You’re Still Not Watching Parks and Rec?Posted: October 19, 2011
A comprehensive look at why Parks and Recreation is the best comedy on television.
By Josh Tuper
Fall is here, and that means a few things; football, pumpkin pie, and many TV shows back in business for the viewing pleasure of the masses. But the fact (read: opinion) of the matter is, there is a great deal of bad television on the air right now. It’s as if every channel we turn gives us a saturation of bad reality TV, teenage vampire soap operas, and cheesy laugh-track heavy sitcoms.
My televised savior comes every Thursday night at 8:30 pm eastern standard time. No, not The Vampire Diaries, but NBC’S Parks and Recreation. Now, this isn’t news to most television aficionados and comedy nerds (such as myself). The show gets a great deal of praise and was even nominated for an Emmy this year in outstanding comedy. I could go into a whole rant about how it was robbed and how the academy is biased towards Modern Family, but I shall spare you all.
While Parks isn’t in any way shunned, it still unfortunately suffers and has been the subject of possible cancellation on a few occasions. Meanwhile, terrible sitcoms such as Whitney somehow get picked up for a second season. But I digress. Parks and Rec is up against one of the biggest comedies on the air, The Big Bang Theory, which is a great show in it’s own way. However, this causes Parks to suffer in the ratings department. In fact, just last week it lost to Big Bang’s 12.1 million viewers with only about 3.9 million. These numbers may still seem high, and not too important, but in the television world the Nielsen rating system is God. At most times a cruel one.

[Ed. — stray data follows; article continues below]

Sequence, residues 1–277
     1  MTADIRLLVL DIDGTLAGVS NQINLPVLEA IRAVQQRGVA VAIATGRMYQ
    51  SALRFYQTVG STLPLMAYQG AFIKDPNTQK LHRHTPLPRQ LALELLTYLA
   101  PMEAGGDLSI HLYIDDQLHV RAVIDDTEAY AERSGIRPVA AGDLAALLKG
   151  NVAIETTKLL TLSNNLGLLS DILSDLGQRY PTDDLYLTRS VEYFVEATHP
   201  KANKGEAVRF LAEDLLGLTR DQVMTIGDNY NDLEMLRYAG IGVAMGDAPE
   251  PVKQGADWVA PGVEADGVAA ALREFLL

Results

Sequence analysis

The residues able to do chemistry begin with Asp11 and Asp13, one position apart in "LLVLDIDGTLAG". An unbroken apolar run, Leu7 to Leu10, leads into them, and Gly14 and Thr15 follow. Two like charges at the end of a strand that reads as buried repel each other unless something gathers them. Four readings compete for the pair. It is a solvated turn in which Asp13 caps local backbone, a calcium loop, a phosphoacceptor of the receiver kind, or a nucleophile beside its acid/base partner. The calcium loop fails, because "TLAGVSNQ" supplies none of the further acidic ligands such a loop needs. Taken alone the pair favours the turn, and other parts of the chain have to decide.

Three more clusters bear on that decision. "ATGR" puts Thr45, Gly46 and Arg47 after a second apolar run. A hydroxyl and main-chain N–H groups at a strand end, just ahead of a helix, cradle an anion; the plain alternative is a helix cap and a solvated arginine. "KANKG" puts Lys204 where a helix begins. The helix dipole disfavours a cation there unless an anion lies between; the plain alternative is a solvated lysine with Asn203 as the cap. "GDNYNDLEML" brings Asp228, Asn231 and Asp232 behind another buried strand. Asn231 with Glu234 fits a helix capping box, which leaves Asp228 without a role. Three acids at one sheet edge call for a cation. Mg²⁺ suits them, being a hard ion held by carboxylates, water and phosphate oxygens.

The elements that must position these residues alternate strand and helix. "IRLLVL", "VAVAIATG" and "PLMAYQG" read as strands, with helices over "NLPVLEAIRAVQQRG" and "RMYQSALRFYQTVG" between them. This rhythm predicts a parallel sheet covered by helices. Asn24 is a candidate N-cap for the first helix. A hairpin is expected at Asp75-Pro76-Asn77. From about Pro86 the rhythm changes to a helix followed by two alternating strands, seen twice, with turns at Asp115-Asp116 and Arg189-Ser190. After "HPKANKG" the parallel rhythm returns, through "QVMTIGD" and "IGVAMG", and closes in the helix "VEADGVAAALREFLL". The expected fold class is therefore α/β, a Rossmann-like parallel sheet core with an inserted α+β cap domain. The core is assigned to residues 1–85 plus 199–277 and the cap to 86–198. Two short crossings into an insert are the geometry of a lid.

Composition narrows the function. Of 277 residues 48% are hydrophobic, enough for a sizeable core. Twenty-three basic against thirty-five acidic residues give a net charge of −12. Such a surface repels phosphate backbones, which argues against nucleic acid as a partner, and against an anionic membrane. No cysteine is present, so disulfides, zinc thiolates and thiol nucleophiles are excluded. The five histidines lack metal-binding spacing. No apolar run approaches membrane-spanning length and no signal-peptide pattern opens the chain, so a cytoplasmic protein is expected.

Parks and Recreation is the most the humorous sitcom on the air right now. The writer’s are some of the funniest people in the world and include stand up greats such as Chelsea Peretti and Harris Wittels (look them up). The co-creator and executive producer is the great The Office producer/writer alumnus Mike Schur, whose roots are as a SNL writer. Finally, the cast is a hilarious and amazing ensemble, comparable to The Simpsons (when it was still good) and Arrested Development.
Each character on Parks is completely insane and ridiculous in his or her own way, and it leads to some of the greatest stories I’ve ever seen televised. It introduced us to some of the finest fictional people ever created. There’s Ron Swanson (Nick Offerman); the cold yet loveable anti-government, government leader, who dabbles in breakfast foods and woodwork, Tom Haverford (Aziz Ansari); the Kanye West worshipping “playa”, who’s just trying to hustle his way to the top, and so many more. Even secondary and recurring characters are amazing, such as Tom’s partner in swagger-crime, Jean Ralphio (played by the hilarious Ben Schwartz). The entire motley crew is led by the amazing comedy goddess, Amy Poehler, one of the founders of The Upright Citizens Brigade Theatre. Without which, we wouldn’t have some of our favorite comedians, actors, and writers.
My point is, if you’re a fan of the show, good. Keep watching and supporting such a smart, heartfelt, and funny show. If you don’t, give it a chance. Unfortunately, it may not be around forever. I compared it to Arrested Development, but that’s not always a positive comparison. I can see Parks and Recreation taking the same path, getting cancelled too soon despite it’s praise, and then people getting into it a little too late and catching up on Netflix (or it‘s future equivalent). They’ll say, “Man, why was this show cancelled? It’s so good!” Well my friends, it’s because you were too late to realize its greatness.
Josh Tuper is a writer and comedian who has a deep love/hate relationship with all things pop culture. He’s sarcastic, witty, often times neurotic, and Jay Z may or may not be his biological father. Read his tweets and occasional tumbls. This is his first Broken Spork post.
Want to watch Parks and Rec right now? To the Netflix Machine!